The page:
At first glance, San Diego’s office may look a little better than Boston’s. Two years ago, the office formalized its Conviction Review Unit. Before that, an assistant district attorney in the office had served as the office’s liaison to the Innocence Project since 2011. Now, the division has two full-time staff attorneys. It also has a website where people can apply online to have their convictions reviewed. The site even quotes Martin Luther King Jr.’s Letter from a Birmingham Jail: “Injustice anywhere is a threat to justice everywhere.” But in seven years, the office has been responsible for just one exoneration.

The list goes on. Los Angeles County is the biggest county in the nation, yet in three years, its office has exonerated exactly two people, according to its report. Manhattan’s DA, Cy Vance, has exonerated just five people since 2010. Philadelphia has exonerated just three people in four years.

And those offices look pretty good compared to cities like Tucson, San Francisco, Washington, D.C., Fort Worth, and Sacramento. All of those offices have CIUs and yet, according to the report, they have yet to exonerate a single person.

Exonerations can take years, and sometimes these offices are facing circumstances outside of their control. For example, in Texas, the post-conviction process “presents unique procedural hurdles to the innocence process,” according to a 2016 article written by former Harris County ADA Inger Chandler in the American Bar Association’s Criminal Justice magazine. “It’s not enough in Texas to believe justice would be served by overturning a conviction. Nor is it enough to say, ‘Had I known then what I know now, I would not have prosecuted this case.’” In Texas, there must be a constitutional violation to vacate a conviction.

Still, even in places facing systemic challenges to achieving exonerations, a productive CIU is possible. So what does an effective CIU look like?

CIUs have done at least some good. According to NRE’s report, they’ve “helped secure 269 exonerations from 2003 to 2017; more than 80% [of which] occurred since 2014.” But many of these offices see tens, sometimes hundreds, of thousands of cases each year, and the evidence says that prosecutorial misconduct is far from unusual. According to the report, 60 percent of all wrongful convictions last year — including 84 percent of homicide wrongful convictions — involved official misconduct. And while official misconduct encompasses a large group, “the most common misconduct documented in the cases in the Registry involves police or prosecutors (or both) concealing exculpatory evidence.” If in 15 years, these units have identified fewer than 300 cases where a person was wrongfully convicted, they are certainly not effective enough.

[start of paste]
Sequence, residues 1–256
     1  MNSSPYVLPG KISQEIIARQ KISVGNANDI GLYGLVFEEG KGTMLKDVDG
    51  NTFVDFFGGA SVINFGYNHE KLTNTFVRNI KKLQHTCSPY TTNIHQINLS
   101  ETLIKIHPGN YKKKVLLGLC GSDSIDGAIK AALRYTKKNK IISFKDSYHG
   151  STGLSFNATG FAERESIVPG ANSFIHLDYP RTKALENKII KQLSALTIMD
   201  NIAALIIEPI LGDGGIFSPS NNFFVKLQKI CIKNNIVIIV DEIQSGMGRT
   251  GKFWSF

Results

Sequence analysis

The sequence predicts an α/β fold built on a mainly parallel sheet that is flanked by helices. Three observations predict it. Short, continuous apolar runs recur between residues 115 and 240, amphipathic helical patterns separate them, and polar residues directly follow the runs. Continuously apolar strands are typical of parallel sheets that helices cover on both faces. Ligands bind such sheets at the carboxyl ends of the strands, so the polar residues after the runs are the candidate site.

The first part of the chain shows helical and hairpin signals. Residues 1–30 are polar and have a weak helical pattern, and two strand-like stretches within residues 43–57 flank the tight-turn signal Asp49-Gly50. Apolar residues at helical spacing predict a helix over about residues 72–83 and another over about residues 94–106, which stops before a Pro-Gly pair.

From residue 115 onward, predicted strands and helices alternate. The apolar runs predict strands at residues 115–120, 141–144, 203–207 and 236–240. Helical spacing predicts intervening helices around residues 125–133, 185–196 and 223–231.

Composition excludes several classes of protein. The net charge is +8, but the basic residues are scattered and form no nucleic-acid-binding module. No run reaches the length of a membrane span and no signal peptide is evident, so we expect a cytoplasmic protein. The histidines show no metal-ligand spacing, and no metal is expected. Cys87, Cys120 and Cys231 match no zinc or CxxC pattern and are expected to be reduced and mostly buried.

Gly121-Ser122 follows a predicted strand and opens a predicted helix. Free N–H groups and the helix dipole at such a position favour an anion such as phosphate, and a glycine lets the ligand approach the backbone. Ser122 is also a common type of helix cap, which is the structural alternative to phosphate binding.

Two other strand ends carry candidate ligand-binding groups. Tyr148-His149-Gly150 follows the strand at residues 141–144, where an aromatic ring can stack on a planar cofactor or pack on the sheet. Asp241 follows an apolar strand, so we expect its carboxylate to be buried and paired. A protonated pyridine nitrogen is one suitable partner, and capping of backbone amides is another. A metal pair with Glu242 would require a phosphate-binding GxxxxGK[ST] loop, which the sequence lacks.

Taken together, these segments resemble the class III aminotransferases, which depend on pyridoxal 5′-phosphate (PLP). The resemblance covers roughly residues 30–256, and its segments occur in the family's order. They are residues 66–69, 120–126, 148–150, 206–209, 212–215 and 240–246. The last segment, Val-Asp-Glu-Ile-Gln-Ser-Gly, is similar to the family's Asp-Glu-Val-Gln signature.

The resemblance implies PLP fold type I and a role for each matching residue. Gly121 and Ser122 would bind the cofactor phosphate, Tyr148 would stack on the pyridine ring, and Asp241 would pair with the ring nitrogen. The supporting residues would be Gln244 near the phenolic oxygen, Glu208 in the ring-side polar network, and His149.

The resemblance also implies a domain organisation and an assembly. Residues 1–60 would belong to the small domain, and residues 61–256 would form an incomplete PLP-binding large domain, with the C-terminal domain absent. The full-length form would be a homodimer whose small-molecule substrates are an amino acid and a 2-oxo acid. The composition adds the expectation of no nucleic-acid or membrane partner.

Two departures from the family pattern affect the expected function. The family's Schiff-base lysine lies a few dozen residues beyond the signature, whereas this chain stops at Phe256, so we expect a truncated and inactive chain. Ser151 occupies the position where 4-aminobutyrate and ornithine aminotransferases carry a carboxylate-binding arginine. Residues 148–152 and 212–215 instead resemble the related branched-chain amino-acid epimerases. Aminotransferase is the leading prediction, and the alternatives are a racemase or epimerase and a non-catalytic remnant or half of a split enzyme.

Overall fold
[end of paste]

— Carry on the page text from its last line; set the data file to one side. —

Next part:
The truth is that CIUs’ biggest asset is also their biggest obstacle. On the one hand, these units have incomparable access to district attorneys’ internal evidence, and have better access to other law enforcement agencies.

But because CIUs are part of the DA’s office, they are often incentivized to protect their own. Most of these units are staffed by career prosecutors, who are given the task of investigating their colleagues and their superiors — so even when they do identify misconduct, they may be hesitant to accuse those around them of wrongdoing. “Conviction review units are totally contained within the office, and the prosecutor has total control over which case he’ll review and which ones he won’t,” said Phil Locke, Ohio Innocence Project advisor, in CounterPunch magazine. “My personal opinion is that CRUs [another term for CIUs] are politically motivated and self-serving. It’s the fox guarding the henhouse problem. They’ll cherry-pick the cases, overturn the obviously worst ones, thump their chests about all the good being done.”